The anger in the air is palpable. The ordinary people hold the political class in contempt.
The government is failing, as war and economic catastrophe are dealt with in increasingly unconvincing fashion by second-rate public servants. There is, for the first time in a generation, a sense of revolution brewing.
This is not today's Britain. It is England in 1381, the year that witnessed one of the greatest popular risings in our history: the Peasants' Revolt.
Lessons of the Peasants' revolt
Between May and November that year, England was seized by spasms of popular rebellion, provoked by poll taxes and a disastrous war, and underpinned by the common belief that the government was a pack of scoundrels.
Towns and villages from Somerset to Scarborough rose against their rulers, beating and sometimes killing MPs, lawyers, landowners and politicians, tearing down their homes and vandalising their land.
At the heart of the rising was a march on London on Corpus Christi weekend (Thursday 13 to Saturday 15 June).
Traditionally this was a time of mystery plays and festive processions. In 1381, the main procession consisted of villagers from the Thames estuary marching along the pilgrim road between Canterbury and London, burning houses and taking political prisoners as they protested against their venal, incompetent masters.
The peasant's revolt ransacked London before it was put down
When the protestors, led by their general Wat Tyler and the maverick preacher John Ball, reached London, they found they had significant common cause with the townsmen.
The London populace bore long-held grudges towards their own ruling elites - which included the oligarchic, super-rich merchant traders in the City as well as the hapless courtiers who governed in the name of 14-year old King Richard.
Common fury with the state of lordship bound rural and urban rebels in a compact to clean up government.
So the town mice opened their gates to the country mice, and together they all set about the cats.
At first there were organised protests, attacks on specific, symbolic landmarks: the Savoy Palace, home of the powerful and unpopular duke of Lancaster, was burned to the ground; the Temple, home of the legal profession, was sacked. Prisons were broken open and the Tower of London, where the government had holed up, was besieged.
Demonstrations became riots. A chopping block was set up at Cheapside, where the street ran sticky with the blood of the condemned.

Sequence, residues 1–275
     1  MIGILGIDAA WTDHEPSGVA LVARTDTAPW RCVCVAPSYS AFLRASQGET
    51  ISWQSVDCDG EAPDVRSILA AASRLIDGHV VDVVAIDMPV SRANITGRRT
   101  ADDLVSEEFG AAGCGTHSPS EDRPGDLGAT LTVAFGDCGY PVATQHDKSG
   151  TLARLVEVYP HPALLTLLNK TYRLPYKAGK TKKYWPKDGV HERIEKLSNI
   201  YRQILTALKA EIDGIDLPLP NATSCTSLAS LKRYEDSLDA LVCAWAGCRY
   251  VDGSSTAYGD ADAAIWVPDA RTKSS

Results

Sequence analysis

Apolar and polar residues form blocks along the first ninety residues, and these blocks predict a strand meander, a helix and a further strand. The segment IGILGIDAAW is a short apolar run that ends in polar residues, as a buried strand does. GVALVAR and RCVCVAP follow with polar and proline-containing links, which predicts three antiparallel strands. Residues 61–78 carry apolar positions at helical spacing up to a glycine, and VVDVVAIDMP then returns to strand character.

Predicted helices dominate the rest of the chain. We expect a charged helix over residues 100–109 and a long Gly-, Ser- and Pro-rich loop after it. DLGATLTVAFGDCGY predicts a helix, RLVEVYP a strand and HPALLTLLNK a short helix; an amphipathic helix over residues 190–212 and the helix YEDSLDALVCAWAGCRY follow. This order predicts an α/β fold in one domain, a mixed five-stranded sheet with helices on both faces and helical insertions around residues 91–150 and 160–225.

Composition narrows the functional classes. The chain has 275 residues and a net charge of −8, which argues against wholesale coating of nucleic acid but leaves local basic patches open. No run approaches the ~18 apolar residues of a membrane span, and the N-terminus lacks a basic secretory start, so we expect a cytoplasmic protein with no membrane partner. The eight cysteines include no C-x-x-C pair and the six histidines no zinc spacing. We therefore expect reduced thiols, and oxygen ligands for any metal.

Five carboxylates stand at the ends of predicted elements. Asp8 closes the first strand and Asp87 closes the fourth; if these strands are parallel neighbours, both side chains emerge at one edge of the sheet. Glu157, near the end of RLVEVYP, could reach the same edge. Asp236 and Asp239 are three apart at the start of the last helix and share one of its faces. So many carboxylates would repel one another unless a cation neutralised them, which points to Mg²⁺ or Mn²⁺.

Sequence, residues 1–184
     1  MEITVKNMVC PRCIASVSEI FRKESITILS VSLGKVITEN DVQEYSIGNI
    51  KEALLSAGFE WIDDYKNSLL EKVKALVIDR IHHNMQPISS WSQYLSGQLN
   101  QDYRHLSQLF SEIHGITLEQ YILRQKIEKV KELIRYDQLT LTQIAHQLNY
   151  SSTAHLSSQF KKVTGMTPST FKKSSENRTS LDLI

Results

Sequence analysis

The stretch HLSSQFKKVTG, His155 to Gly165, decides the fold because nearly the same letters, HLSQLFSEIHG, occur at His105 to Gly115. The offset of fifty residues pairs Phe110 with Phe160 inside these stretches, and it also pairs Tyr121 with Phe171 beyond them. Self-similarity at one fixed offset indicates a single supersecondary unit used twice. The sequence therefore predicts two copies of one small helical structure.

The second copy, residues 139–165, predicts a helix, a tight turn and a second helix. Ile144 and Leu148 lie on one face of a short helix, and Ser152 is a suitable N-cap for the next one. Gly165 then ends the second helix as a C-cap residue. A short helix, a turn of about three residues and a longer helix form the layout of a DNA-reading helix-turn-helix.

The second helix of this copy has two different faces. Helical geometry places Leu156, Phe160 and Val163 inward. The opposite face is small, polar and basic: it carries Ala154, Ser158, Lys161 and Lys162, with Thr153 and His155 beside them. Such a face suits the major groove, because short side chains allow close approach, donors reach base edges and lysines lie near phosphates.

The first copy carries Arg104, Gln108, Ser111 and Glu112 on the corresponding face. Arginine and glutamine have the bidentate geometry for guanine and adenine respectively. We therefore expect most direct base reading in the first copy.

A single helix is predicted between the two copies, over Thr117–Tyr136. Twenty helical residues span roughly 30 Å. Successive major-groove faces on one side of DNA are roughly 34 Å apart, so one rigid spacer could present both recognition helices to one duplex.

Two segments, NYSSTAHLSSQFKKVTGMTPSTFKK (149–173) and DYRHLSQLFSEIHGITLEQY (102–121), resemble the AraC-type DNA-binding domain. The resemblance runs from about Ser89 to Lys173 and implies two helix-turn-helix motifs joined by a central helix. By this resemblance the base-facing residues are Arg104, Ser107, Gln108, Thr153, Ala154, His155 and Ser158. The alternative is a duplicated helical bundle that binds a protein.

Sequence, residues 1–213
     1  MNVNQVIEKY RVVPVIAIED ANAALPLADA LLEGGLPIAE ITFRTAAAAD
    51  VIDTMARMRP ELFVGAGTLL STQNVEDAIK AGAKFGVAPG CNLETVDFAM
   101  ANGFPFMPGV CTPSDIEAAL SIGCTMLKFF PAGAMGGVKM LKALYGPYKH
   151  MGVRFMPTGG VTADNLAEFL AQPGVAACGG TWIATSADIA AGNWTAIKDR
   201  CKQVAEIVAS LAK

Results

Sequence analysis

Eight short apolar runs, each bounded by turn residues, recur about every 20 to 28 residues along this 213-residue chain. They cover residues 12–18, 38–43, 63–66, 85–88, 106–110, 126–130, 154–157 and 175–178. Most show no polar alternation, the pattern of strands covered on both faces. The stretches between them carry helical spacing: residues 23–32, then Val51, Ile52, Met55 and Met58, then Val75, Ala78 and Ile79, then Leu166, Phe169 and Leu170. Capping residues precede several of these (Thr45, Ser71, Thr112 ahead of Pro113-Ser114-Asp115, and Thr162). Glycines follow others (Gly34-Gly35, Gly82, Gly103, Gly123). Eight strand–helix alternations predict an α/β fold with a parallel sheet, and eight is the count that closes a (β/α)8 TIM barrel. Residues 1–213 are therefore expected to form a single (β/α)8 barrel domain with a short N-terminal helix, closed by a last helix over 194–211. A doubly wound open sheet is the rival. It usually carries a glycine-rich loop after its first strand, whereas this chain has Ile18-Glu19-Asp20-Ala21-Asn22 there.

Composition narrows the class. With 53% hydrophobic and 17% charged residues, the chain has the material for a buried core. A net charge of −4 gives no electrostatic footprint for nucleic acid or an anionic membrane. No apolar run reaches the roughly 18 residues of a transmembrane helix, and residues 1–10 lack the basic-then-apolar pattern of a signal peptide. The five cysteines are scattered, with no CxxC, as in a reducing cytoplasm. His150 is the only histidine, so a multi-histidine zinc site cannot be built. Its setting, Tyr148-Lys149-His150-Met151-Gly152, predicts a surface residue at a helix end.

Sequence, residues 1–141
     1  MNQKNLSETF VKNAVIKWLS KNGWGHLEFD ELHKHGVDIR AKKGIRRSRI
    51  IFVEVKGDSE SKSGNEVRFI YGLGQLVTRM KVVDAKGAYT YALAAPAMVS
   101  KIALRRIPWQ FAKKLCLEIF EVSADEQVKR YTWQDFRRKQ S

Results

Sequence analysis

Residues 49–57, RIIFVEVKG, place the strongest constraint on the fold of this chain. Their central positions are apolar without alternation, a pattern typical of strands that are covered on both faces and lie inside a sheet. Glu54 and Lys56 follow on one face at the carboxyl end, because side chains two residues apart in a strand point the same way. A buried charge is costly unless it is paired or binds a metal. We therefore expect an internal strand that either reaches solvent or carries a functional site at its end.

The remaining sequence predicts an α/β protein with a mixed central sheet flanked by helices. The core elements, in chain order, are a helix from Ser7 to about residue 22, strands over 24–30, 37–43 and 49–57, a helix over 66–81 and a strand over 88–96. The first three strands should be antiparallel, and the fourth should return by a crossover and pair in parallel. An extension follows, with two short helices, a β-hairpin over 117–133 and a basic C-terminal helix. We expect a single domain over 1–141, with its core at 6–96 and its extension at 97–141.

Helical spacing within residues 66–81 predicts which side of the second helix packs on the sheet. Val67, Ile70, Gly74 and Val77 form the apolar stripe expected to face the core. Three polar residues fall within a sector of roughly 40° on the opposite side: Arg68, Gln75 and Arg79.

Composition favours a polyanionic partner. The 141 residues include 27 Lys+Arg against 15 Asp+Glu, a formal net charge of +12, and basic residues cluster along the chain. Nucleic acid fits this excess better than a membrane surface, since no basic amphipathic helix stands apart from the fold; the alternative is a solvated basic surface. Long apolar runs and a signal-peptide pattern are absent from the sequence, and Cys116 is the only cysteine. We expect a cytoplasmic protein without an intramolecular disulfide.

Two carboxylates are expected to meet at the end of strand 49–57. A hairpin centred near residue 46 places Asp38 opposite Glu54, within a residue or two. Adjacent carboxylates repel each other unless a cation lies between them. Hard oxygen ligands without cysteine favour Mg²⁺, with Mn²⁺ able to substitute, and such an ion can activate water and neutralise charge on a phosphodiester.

Kind Richard II was only 14 years old when faced with the rebellion
The Archbishop of Canterbury had his head hacked off on Tower Hill. The Treasurer was murdered, as - in Suffolk - was a Chief Justice.
Some 140 Flemish merchants and their families were butchered on the banks of the Thames, in a shocking xenophobic massacre.
But for the luck of the young king, Richard II, and the fortitude of a few good men around him led by Mayor of London, William Walworth, the City would have been burned to the ground.
Tyler and his mob were eventually defeated at Smithfield, but it took nearly six months to calm the rest of the country.
The summer of discontent left a profound mark on the English political consciousness.
A few lines written, prior to the rebellion, by the Kentish poet John Gower, were suddenly recognised as an important tenet of government.
"There are three things of such a sort that they produce merciless destruction when they get the upper hand," he wrote.
"One is a flood of water, another is a raging fire and the third is the lesser people, the common multitude; for they will not be stopped by either reason or by discipline."
I have thought many times during the past months that our politicians would benefit from revisiting the events of the Peasants' Revolt.
In many ways it is a tale of mutual misunderstanding: the ordinary folk thought the worst of their politicians, and politicians saw their people as an economic resource, to be taxed and tormented as the necessities of government demanded.
The Black Death was a major factor in fermenting anti-government feeling
This government, like the government in 1381, has been caught out by a global crisis of unprecedented severity.
In the fourteenth century it was the Black Death, which killed 40% of Europe's population.
The government's reaction - to impose labour laws that stifled economic recovery but preserved the social hierarchy, was vastly unpopular, for it prevented ordinary people from improving their lives.
Now, it is the collapse in global credit which has brought a different sort of misery to millions.
No doubt there are many differences between 1381 and 2009. They were medieval, we are modern. And history never repeats itself as exactly as historians sometimes wish.
But if I were an MP today, I would make it my business to learn the course and the lessons of 1381 by heart. Then I would give thanks that there are no longer any chopping blocks at Cheapside.
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